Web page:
The operators are regulated and must conform to various regulatory prescripts intended to ensure the integrity of their operations, protect consumers who use their services and overall strengthen the banking system in the country. Mobile money is, in effect, a digital token issued in exchange for real currency. To protect consumers that exchange their hard-earned cash for this currency, operators are required to keep the cash which they receive in lieu of mobile tokens, in a trust account with a licensed and registered bank.

The operator may then issue the electronic token for each unit of currency held in deposit. These tokens are credited to the user’s wallet from where they can be used to send mobile money to other users or to pay for goods and services. The value of the electronic token is usually fixed to the value of the local fiat currency and, as a result, it can only be used in the country where it was originally issued.

how do users without bank accounts get access?

To make the service more accessible, operators established a network of registered agents with whom users can deposit and withdraw cash. Mobile money users can hand cash to an agent to receive an equivalent value in tokens and conversely, they can send mobile money to the agent to receive an equivalent value in cash. The conversion of cash to tokens is called ‘digitisation’ and in 2020 an average of $500 million was digitised in Africa every day.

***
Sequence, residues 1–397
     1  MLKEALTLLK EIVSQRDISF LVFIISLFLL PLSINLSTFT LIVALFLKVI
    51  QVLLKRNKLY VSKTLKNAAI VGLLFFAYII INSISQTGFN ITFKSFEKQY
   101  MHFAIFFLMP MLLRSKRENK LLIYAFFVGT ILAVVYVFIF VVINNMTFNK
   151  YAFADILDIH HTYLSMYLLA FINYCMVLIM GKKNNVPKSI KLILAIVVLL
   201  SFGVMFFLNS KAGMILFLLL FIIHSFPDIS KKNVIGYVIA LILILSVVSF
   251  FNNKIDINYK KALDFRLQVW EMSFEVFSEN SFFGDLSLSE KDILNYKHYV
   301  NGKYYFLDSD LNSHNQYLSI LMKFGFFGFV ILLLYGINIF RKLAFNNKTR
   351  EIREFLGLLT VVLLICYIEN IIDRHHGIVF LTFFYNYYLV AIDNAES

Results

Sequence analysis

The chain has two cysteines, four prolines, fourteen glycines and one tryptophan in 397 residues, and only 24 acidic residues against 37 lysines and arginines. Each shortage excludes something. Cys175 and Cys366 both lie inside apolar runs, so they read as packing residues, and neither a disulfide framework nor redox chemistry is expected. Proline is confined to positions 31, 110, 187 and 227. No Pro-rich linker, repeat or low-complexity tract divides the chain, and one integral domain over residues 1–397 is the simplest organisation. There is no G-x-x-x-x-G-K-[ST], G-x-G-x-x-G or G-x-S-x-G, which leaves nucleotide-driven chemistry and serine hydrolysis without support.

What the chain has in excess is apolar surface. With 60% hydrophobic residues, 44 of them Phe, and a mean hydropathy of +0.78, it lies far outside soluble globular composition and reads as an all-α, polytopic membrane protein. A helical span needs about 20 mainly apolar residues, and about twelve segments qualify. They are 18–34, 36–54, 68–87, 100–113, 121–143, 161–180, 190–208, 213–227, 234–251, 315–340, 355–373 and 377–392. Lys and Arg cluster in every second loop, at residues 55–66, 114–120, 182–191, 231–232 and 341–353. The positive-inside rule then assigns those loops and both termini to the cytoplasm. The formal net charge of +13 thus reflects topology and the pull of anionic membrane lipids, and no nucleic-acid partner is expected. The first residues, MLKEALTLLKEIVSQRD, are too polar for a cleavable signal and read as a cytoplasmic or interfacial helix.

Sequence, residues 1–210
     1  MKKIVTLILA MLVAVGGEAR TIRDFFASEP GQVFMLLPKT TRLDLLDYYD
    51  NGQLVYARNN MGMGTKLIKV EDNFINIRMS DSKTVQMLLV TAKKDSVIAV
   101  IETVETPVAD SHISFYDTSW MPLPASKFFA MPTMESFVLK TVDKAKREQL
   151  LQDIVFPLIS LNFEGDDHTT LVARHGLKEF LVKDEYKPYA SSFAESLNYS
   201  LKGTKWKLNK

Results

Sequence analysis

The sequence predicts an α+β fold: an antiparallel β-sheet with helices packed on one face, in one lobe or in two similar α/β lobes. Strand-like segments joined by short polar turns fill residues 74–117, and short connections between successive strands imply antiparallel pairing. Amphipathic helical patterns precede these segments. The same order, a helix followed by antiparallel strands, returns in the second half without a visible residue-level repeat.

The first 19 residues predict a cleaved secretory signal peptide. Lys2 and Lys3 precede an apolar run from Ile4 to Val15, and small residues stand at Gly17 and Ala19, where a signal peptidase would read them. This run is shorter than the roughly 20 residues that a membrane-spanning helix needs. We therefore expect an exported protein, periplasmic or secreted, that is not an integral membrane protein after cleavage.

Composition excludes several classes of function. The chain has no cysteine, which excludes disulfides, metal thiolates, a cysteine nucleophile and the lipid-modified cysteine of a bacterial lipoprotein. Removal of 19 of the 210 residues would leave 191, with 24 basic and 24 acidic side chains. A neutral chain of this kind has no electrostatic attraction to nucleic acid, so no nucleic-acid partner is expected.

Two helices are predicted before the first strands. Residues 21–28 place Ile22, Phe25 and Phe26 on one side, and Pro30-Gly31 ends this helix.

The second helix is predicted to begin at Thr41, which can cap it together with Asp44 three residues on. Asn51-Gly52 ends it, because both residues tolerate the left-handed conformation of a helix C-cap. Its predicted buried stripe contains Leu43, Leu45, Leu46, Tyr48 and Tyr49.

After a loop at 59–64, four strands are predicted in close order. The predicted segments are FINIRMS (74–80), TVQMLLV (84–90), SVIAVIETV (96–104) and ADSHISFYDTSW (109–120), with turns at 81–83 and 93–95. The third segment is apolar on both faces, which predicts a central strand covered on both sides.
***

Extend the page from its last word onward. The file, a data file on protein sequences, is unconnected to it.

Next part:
These agents bring mobile money services to rural and remote areas, which supports the adoption in remote and far-flung areas. The agents receive a small fee per transaction, which comes off from the user’s payment, just like a normal bank would deduct a transaction fee from the user’s account when they make a withdrawal.

Many banks in Africa are themselves registered agents and this allows their users to exchange money in their bank accounts for mobile money. Rather than being a threat to the formal banking sector, mobile money has leveraged technology to promote financial inclusion. In essence, mobile money and traditional banking are collaborating to improve economic growth and financial stability.